This week is Mental Health Week in Canada. One mental health issue that is felt by many Canadians and Israelis alike is Post-Traumatic Stress Disorder (PTSD). A group of nine Israeli veterans have found a unique method of dealing with PTSD: through rock. Each band member had suffered injuries, and subsequently met through an organization that helps soldiers recover and handle PTSD. Six years later, these nine veterans are releasing their first album on iTunes.
To hear the band members’ stories, read more at Times of Israel.
A significant, multi-year commitment by Sylvia M. G. Soyka, director, and the Board of Trustees of the SMGS Family Foundation to the Canadian Friends of the Hebrew University (CFHU) announced today will be used to launch an international research project in pancreatic cancer to identify molecular drivers associated with metastasis. This will improve understanding and clinical management of a fatal disease. Researchers at the Institute for Medical Research Israel-Canada (IMRIC) at the Hebrew University of Jerusalem and Sheba Medical Center in Israel and at the Ontario Institute for Cancer Research (OICR) in Canada will work together to uncover the molecular landscape of pancreatic cancer and the underlying pathways that are driving the disease.
Pancreatic cancer remains the most deadly common solid tumour in developed countries. Approximately 80 per cent of patients present with advanced disease, are not eligible for surgery and have extremely poor prognosis. These advanced forms of pancreatic cancer have generally been understudied. Advances in combating this aggressive disease require detailed molecular analysis of tumours to uncover the pathways driving tumour growth and dissemination. The ultimate goal of this collaborative effort is to discover new biomarkers for detection and diagnostics and potentially to find new targeted therapies that will improve patient outcomes.
Researchers based in Toronto and in Israel will continue to identify incident cases of pancreatic cancer and build a powerful research infrastructure. They will focus on augmenting their existing large bank of biospecimens and data from patients with early stage tumours by collecting material from patients with more advanced disease. OICR will use state-of-the-art technologies for high-throughput molecular analysis of tumours (e.g., DNA, RNA and protein activity), and its platforms will provide the support for extracting molecular data. Researchers at IMRIC will use the collected patient specimens to conduct detailed molecular analyses and experimental studies.
“This is an exciting opportunity to bring together world-class researchers from Canada and Israel, all of whom are experts in the field of pancreatic cancer research,” said Dr. Tom Hudson, President and Scientific Director of OICR. “This partnership could lead to important new insights into one of the most deadly cancers.”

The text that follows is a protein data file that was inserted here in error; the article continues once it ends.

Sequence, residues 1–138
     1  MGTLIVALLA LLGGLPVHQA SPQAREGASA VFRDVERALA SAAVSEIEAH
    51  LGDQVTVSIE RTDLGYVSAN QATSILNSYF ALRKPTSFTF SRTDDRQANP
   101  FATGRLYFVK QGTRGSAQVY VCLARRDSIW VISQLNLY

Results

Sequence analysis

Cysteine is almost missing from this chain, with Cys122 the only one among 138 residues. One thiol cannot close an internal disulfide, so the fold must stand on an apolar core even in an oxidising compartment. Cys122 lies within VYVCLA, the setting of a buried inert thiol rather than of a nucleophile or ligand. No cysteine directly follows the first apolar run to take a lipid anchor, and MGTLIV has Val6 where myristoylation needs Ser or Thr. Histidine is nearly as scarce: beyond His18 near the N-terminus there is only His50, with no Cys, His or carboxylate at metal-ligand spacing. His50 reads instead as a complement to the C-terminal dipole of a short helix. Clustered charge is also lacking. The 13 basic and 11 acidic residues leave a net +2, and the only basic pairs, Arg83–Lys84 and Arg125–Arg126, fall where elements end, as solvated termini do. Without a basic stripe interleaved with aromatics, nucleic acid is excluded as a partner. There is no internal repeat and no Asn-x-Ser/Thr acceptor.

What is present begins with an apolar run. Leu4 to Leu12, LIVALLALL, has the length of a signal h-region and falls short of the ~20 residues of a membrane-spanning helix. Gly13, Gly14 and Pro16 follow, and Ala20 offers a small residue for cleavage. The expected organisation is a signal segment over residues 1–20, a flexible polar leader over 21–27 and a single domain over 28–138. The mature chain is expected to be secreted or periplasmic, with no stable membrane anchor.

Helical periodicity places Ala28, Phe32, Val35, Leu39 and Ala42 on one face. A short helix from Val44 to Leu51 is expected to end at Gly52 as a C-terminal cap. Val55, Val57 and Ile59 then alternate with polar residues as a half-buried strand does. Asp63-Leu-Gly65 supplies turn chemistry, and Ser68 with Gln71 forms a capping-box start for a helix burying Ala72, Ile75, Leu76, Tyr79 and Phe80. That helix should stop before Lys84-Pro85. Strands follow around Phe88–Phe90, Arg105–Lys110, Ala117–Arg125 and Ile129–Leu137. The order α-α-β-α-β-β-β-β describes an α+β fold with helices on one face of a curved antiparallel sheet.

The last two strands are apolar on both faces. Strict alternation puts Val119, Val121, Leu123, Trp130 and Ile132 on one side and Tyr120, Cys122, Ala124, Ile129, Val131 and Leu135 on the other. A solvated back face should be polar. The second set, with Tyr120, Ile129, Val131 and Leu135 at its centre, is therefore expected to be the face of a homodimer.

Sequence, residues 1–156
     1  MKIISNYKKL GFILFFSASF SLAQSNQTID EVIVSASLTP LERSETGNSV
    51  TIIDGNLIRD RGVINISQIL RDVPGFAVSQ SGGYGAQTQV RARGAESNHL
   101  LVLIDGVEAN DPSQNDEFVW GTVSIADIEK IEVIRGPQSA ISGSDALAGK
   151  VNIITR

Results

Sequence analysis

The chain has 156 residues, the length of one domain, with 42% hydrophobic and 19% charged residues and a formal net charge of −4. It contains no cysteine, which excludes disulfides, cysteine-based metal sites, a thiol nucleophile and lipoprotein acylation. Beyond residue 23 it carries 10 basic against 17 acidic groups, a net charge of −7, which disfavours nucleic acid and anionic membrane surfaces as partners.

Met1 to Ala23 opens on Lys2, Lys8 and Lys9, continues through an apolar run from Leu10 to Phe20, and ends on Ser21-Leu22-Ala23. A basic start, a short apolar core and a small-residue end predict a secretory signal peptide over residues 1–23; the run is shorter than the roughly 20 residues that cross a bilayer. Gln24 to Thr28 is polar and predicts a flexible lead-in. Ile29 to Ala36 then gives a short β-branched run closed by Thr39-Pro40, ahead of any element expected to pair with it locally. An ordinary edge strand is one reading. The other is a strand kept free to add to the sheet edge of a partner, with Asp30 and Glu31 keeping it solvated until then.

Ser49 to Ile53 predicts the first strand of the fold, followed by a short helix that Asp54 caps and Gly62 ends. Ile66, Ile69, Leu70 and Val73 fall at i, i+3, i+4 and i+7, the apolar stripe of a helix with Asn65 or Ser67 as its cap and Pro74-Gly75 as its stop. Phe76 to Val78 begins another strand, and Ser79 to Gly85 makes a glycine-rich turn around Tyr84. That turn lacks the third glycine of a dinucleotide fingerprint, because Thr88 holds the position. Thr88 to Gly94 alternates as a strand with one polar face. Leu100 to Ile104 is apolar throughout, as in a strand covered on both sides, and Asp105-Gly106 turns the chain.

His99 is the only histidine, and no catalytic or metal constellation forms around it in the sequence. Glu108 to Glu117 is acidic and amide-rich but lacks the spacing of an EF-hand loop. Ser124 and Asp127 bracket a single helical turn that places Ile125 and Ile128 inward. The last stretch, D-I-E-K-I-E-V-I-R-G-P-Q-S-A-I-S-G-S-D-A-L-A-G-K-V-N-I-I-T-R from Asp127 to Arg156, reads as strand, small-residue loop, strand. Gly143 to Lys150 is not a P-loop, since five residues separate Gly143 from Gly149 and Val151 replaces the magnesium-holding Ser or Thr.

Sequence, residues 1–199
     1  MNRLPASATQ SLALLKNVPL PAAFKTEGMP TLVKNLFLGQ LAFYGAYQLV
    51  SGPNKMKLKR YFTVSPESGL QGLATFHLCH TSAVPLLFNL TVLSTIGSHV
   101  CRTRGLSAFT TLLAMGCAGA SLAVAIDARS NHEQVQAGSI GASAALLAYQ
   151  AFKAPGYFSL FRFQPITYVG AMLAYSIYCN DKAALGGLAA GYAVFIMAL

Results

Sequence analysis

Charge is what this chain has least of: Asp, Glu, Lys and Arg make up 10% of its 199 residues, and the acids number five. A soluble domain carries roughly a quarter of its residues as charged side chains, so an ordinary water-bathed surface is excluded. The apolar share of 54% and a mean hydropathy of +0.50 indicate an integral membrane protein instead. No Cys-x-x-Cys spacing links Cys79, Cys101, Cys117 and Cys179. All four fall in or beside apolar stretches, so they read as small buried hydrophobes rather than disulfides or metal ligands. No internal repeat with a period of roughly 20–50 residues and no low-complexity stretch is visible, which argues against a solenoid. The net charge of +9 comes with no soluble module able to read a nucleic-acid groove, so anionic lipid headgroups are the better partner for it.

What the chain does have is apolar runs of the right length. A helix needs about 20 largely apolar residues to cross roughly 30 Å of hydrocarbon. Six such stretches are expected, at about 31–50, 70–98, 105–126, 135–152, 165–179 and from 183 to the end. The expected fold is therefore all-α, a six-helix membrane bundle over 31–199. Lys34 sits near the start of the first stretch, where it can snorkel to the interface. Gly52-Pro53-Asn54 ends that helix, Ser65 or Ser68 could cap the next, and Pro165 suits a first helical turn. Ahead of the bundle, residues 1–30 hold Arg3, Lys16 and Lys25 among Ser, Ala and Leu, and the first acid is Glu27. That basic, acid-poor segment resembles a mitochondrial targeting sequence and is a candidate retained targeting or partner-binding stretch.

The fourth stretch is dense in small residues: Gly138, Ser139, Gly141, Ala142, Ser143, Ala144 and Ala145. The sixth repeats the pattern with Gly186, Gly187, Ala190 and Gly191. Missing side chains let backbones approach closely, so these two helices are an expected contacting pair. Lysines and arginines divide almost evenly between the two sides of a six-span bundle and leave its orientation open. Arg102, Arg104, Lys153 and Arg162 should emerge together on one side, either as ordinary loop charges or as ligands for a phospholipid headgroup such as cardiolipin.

“Sylvia Soyka’s philanthropic dedication and determination to make a difference in the area of pancreatic cancer research serves as a role model and inspiration to those of us who are fortunate enough to be touched by her vision and focus. The SMGS Family Foundation has acted to make Sylvia’s vision a reality,” said Merle Goldman, Executive Vice President, CFHU.
“Pancreatic cancer remains the most deadly type of solid tumour in the developed world, with overall survival of less than five per cent,” said Dr. Steven Gallinger, Senior Investigator at the Lunenfeld-Tanenbaum Research Institute of Mount Sinai Hospital and Director of the Pancreatic Cancer Research Initiative at OICR. “By better understanding pancreatic cancer at a molecular level, we can develop the critical new personalized tools needed to detect, diagnose and treat pancreatic tumours sooner, and potentially improve the lives of those diagnosed with pancreatic cancer in the future.”
“We are extremely excited about this new partnership. It opens a whole range of possibilities for tackling a terrible disease, for which we currently have very few tools. The partnership will allow us to bring together a unique combination of research approaches, cutting edge technologies, and clinical data and material. Importantly, it opens new avenues for scientific interaction,” said Dr. Ittai Ben Porath, Chair of the Grafstein Cancer Network for Cancer Research.
“My father, Alex U. Soyka, was a remarkable and vital man who spent six weeks downhill-skiing and was not yet retired at the age of ninety. He did not die of old age; he died of metastasized pancreatic cancer three months to the day after formal diagnosis. It is a privilege to be able to pay tribute to the man he was by supporting this team of dedicated, skilled and passionate researchers,” said Sylvia Soyka.
“I extend my congratulations to all the researchers involved in this international partnership, and I am delighted that Ontario researchers are playing a key role in such an important international initiative to help those facing pancreatic cancer,” said Reza Moridi, Ontario Minister of Research and Innovation.
ROCKVILLE, Md. — Midway through the opening period of a youth game here Sunday night, Daniel Haim Lonkry knocked in a rebound. In the second period, his teammates Fadi Haj and Adam Ayoub added goals to tie the score, 3-3.
The three teenagers play for a hockey team from northern Israel, and if that does not seem remarkable enough, consider this: Lonkry is Jewish, Haj is Christian, and Ayoub is Druse, a member of a religious group that grew out of Islam.
The players and their 21 teammates are visiting the Washington area this week as members of the Canada Israel Hockey School, which opened five years ago to help the sport expand in Israel.